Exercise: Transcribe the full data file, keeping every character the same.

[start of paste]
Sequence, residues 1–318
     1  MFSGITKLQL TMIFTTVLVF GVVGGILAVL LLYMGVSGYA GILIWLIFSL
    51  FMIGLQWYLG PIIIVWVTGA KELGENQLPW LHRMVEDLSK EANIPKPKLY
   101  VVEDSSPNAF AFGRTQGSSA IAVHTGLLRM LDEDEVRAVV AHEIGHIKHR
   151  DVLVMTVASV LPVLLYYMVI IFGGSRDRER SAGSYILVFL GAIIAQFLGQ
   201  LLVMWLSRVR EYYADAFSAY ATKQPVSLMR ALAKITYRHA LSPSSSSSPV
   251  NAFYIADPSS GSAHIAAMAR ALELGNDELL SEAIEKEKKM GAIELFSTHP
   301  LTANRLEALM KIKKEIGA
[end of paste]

Sequence, residues 1–318
     1  MFSGITKLQL TMIFTTVLVF GVVGGILAVL LLYMGVSGYA GILIWLIFSL
    51  FMIGLQWYLG PIIIVWVTGA KELGENQLPW LHRMVEDLSK EANIPKPKLY
   101  VVEDSSPNAF AFGRTQGSSA IAVHTGLLRM LDEDEVRAVV AHEIGHIKHR
   151  DVLVMTVASV LPVLLYYMVI IFGGSRDRER SAGSYILVFL GAIIAQFLGQ
   201  LLVMWLSRVR EYYADAFSAY ATKQPVSLMR ALAKITYRHA LSPSSSSSPV
   251  NAFYIADPSS GSAHIAAMAR ALELGNDELL SEAIEKEKKM GAIELFSTHP
   301  LTANRLEALM KIKKEIGA